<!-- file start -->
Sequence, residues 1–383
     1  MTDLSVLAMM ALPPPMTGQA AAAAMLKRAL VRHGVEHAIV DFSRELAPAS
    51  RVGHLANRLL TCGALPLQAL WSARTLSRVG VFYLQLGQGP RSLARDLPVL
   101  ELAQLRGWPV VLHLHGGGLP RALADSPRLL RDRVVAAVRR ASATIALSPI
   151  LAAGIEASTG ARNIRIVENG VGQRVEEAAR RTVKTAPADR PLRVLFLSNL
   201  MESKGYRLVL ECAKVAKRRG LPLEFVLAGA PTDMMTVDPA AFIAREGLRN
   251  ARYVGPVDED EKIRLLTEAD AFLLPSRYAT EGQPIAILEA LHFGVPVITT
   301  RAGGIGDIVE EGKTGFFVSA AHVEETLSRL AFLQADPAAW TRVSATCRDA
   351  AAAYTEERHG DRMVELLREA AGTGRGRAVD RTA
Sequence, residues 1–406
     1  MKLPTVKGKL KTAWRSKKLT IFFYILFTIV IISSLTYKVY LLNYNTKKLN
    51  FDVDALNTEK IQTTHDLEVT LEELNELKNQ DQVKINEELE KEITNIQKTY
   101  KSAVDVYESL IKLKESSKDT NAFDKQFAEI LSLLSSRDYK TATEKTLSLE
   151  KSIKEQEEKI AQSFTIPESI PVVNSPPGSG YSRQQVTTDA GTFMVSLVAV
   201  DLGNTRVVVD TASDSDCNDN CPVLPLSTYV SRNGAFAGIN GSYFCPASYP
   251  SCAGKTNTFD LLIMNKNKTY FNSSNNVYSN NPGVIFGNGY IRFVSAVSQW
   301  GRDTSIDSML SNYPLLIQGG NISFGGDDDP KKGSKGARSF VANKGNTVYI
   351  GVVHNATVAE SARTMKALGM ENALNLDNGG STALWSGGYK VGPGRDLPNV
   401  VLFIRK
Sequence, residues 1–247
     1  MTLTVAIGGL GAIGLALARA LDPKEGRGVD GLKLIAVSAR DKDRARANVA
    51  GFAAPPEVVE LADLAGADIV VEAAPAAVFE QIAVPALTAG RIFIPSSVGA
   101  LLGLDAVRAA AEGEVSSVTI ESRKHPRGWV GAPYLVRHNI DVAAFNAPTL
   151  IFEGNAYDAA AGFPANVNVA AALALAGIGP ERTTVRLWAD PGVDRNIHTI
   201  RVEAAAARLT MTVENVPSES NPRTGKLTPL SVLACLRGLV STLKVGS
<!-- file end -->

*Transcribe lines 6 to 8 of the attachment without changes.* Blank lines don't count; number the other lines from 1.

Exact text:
   201  MESKGYRLVL ECAKVAKRRG LPLEFVLAGA PTDMMTVDPA AFIAREGLRN
   251  ARYVGPVDED EKIRLLTEAD AFLLPSRYAT EGQPIAILEA LHFGVPVITT
   301  RAGGIGDIVE EGKTGFFVSA AHVEETLSRL AFLQADPAAW TRVSATCRDA